The press conference for Jacques Audiard's "Self-Made Hero" was
packed with French people, because the star of the film, Matthieu Kassovitz,
was there. Young Matthieu did a fab job of playing the hero of this movie
who sort of reinvents himself as a hero of the French Resistance in WWII
(although he had zip to do with it) later after the war.
Because Kassovitz is the bad boy of French cinema and a director himself
(of "La Haine" which is currently in art house release in the
US), and because he never gives interviews, his appearance at the festival
was like a sighting of Elvis.
As it turned out, the most interesting people were the director and the
writer of the novel upon which the film is based, Jean-Francois Deniau.
Q: Does it not bother you that the character Albert weaves an entire tapestry
of lies to create himself anew? And were you generalizing about the French
Jacques Audiard: No and no. But let me say that Albert is an odd character
- and what is important is that he does not lie. He insinuates, but mostly
he lets other people draw conclusions from his own silence. And you must
remember that after the war, with records and government in such chaos,
it was necessary for many people - whether they were in hiding or had somehow
lost their identity - to declare an identity, providing they had two witnesses
who would confirm the story. So it would be possible to convince two people,
then convince the officials...right? And remember, he did nothing bad.
He simply tried to create a life he never lived.
Q: Is the character based on any historical figure?
Jean-Francois Deniau: Yes, it was a man I met at the end of the war - he
was large, imposing figure. The less he spoke, the ess risk he took. I
added details to make the story work. But he was very interesting, and
nobody figured out how he had accomplished this enormous leap into heroism
until much, much later. His success had something to do with the general
principle - commonly accepted - that there are two kinds of fighters: those
who talk about it and those who fight.
Q: I have a question for Matthieu Kassovitz about working with Jean-Louis
Trintignant, who plays the role of the character when he is much older and
confessing to all this.
Matthieu Kassovitz: It's nice to think I might look like Trintignant when
I get older.
Q: Speaking as an American and looking at French history as an outsider,
may I ask if one of the purposes of this film is to de-mystify the French
resistance? It seems to be such a big deal, and yet, we all know that every
society has an urge to undermine icons.
Jacques Audiard: Louis Malle was reproached for trying to address collaboration
long ago when he made "Lucien Lacombe." And others have had to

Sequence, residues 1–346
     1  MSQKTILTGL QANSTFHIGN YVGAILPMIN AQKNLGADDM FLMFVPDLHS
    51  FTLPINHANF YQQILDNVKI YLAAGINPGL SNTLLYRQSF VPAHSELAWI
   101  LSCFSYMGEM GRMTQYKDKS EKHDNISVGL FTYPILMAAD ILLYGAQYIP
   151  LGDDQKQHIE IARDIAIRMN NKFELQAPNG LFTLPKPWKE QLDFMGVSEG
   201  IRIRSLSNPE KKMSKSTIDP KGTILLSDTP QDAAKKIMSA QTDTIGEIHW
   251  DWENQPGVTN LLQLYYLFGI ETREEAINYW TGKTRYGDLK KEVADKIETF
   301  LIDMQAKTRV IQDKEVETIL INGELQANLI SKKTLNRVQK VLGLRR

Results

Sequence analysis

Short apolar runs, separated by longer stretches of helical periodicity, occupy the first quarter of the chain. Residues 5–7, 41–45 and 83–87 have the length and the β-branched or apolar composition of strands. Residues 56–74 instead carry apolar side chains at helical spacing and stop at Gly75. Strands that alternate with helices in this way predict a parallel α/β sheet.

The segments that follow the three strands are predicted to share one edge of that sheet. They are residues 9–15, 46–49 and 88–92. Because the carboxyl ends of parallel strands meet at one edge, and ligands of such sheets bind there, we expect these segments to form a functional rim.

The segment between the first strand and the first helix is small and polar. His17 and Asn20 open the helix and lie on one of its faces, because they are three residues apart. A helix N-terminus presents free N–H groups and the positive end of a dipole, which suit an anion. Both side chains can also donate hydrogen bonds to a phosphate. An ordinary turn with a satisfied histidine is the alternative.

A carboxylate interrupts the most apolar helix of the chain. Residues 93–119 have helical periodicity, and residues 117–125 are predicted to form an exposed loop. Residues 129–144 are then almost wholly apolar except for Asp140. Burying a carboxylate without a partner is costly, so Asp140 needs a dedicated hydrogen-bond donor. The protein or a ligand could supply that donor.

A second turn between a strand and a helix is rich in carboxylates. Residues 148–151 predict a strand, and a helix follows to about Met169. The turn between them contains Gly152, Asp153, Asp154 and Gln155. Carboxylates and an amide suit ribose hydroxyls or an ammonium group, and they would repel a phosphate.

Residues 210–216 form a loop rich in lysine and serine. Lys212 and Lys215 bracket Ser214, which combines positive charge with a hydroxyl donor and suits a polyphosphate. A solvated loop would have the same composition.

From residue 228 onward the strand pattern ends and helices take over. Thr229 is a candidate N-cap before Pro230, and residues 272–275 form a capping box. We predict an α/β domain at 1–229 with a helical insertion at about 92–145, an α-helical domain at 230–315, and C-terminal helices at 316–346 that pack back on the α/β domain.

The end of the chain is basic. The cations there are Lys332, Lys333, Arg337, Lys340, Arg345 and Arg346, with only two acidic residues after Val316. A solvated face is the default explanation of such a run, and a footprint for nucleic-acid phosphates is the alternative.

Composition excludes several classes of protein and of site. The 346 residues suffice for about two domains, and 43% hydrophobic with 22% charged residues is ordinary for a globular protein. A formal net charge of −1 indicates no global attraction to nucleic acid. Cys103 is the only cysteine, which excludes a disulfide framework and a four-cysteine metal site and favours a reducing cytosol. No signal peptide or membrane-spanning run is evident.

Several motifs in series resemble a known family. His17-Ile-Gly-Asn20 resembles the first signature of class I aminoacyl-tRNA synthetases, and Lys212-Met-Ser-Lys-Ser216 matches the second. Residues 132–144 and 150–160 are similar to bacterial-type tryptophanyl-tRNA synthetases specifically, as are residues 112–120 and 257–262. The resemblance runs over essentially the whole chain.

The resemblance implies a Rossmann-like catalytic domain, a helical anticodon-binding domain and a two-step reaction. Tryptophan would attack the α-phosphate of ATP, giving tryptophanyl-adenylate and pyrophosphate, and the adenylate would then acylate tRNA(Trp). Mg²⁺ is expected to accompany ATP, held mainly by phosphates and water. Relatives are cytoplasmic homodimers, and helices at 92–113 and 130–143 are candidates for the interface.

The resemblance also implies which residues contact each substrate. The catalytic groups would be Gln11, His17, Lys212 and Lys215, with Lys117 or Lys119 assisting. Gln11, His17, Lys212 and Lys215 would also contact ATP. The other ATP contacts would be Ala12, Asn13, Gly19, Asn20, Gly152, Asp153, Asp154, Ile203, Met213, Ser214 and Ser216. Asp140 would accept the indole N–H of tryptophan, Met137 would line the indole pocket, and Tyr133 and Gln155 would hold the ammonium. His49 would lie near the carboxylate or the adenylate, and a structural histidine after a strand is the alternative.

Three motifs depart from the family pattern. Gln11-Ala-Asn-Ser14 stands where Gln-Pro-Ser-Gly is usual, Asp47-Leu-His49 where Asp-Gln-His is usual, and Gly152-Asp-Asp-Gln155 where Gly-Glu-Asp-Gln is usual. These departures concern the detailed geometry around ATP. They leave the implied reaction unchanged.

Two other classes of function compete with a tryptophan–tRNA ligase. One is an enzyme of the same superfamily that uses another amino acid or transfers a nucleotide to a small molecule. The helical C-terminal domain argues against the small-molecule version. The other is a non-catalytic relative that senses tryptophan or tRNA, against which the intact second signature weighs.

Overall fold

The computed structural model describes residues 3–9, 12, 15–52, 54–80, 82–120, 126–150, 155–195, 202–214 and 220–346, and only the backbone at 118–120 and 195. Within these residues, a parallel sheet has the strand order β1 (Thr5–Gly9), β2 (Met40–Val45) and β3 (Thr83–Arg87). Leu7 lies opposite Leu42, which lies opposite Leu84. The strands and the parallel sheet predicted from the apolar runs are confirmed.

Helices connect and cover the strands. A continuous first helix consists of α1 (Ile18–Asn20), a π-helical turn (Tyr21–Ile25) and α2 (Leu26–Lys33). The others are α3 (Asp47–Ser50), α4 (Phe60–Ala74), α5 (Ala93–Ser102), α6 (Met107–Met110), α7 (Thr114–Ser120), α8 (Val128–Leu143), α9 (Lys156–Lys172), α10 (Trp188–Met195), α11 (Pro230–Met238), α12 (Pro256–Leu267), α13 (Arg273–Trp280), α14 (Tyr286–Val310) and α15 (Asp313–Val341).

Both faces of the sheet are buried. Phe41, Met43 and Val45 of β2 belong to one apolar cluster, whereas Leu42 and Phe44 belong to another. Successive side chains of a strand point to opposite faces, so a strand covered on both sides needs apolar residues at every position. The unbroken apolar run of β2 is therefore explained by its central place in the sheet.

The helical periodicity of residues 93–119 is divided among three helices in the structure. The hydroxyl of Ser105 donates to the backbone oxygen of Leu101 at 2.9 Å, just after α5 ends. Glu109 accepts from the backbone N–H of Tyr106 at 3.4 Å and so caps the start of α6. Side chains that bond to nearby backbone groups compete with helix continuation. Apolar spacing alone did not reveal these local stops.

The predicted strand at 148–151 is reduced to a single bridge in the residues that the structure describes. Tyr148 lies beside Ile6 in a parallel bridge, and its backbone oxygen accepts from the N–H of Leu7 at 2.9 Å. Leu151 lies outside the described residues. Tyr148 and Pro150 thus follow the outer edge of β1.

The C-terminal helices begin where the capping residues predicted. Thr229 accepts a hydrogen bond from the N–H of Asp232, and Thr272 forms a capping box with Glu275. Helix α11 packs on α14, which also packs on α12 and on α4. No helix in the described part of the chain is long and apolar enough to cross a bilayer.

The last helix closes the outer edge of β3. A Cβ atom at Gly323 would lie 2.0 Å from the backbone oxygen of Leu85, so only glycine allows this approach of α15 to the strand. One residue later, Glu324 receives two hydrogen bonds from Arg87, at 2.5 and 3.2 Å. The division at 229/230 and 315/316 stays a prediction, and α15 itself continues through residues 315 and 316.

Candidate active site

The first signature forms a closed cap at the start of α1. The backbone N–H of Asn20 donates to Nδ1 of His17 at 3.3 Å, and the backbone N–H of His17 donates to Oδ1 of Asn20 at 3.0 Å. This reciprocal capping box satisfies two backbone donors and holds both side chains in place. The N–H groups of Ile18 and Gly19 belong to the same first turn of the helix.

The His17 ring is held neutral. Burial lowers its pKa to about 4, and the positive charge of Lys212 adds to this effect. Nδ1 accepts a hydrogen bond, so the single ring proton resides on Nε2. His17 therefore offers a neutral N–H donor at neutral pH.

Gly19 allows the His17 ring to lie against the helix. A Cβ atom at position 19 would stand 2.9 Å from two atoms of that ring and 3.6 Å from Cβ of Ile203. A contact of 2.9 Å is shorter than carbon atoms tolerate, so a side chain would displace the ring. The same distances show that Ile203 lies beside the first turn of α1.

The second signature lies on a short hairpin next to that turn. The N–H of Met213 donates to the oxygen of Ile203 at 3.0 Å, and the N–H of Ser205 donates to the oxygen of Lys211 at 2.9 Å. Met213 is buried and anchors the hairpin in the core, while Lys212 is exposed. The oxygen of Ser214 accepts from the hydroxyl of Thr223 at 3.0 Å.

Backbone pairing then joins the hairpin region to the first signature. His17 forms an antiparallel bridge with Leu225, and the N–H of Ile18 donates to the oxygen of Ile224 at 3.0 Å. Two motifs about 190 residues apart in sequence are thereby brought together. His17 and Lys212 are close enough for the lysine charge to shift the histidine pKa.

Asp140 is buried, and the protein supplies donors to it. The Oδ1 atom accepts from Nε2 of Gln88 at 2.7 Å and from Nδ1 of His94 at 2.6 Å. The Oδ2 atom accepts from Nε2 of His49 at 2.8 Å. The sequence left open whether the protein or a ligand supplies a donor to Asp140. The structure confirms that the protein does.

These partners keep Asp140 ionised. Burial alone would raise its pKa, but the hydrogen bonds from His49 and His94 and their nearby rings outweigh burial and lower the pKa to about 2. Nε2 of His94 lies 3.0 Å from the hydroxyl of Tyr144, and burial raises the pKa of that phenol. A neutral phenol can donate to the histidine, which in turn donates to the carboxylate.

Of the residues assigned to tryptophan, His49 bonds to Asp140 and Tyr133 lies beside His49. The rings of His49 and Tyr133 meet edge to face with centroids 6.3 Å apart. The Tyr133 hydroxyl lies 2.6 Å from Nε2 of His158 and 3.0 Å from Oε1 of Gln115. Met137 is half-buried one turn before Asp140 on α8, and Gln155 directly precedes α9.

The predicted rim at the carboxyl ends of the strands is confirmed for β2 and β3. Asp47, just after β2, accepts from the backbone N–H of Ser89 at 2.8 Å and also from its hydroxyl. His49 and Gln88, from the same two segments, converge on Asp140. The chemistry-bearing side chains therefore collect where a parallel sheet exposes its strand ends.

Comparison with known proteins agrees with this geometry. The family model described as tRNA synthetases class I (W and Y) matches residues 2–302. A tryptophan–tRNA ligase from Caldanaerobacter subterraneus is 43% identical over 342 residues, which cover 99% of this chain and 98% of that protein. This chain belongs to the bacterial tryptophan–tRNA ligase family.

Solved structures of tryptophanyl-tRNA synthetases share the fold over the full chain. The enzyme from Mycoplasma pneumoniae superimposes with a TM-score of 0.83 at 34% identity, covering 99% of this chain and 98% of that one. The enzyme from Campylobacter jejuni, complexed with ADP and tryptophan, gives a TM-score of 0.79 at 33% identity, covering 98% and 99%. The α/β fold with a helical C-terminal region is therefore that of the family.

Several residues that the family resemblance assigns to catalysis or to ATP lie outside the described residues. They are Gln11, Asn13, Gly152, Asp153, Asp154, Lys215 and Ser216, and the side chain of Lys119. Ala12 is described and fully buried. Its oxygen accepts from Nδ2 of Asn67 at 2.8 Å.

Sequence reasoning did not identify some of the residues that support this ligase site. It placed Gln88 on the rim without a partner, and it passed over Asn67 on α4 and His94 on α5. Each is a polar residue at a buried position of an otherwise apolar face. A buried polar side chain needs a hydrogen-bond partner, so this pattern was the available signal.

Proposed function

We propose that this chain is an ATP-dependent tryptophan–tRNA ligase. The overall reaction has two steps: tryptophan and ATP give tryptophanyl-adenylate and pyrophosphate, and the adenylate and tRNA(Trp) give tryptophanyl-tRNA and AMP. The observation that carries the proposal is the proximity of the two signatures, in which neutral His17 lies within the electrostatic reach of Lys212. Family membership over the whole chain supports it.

listen to cries about betrayal from similar conservative quarters. It took
40 or 50 years to realize that France did not deserve its place at the victors'
table. The main challenge here is to create a situation where the criteria
of truth are lost - one by one. I used the book as a starting point, but
yes, I guess I was trying to make us examine the basis of our beliefs in
any kind of heroism.
Q: The movie reminded me of similar attempts - say, "Forest Gump"
or "Being There" in which the hero is perceived as one thing,
but he is in fact a simple person.
Audiard, the director: Forest Gump is a success in terms of American illusionism.
I guess in both cases we are dealing with pathological processes. But
a Gump digest of the U.S. is a very different thing from what Albert is
in "Un Heros très discret." It's true that I tried to
avoid anything that would incite nostalgia for the past - those golden years
after the war when we bathed in our ideas of our own heroism. For example,
Truffaut recreated a look and used period ambience in "The Last Metro."
But I absolutely avoided any attempt to romanticize the era we are watching
in this film.
Kassovitz, the star: Me, I was wondering about historical research and
I was ready to do it, but the film was so much about the present, I could
play a character who would be just as alive today as then. And for years
I've been hearing this chewed over. And I don't have a vocation to be a
historian. I wanted merely to show what you feel if you were born after
the war. I wanted to fuck it. Excuse my language. I wanted to make a
comedy of it.
Deniau, the writer: The problem with life is it's just a draft.
Q: Isn't it possible that this film is really about the emotional and political
tyranny of the older war generation over the young? And how difficult it
can be to get a job in France? To enter into a society without having the
will or courage to be a hero?
Audiard: Yes, French society is very codified. But the rest of the question
should be directed at Matthieu Kassovitz.
Kassovitz: I don't understand the question. I have courage.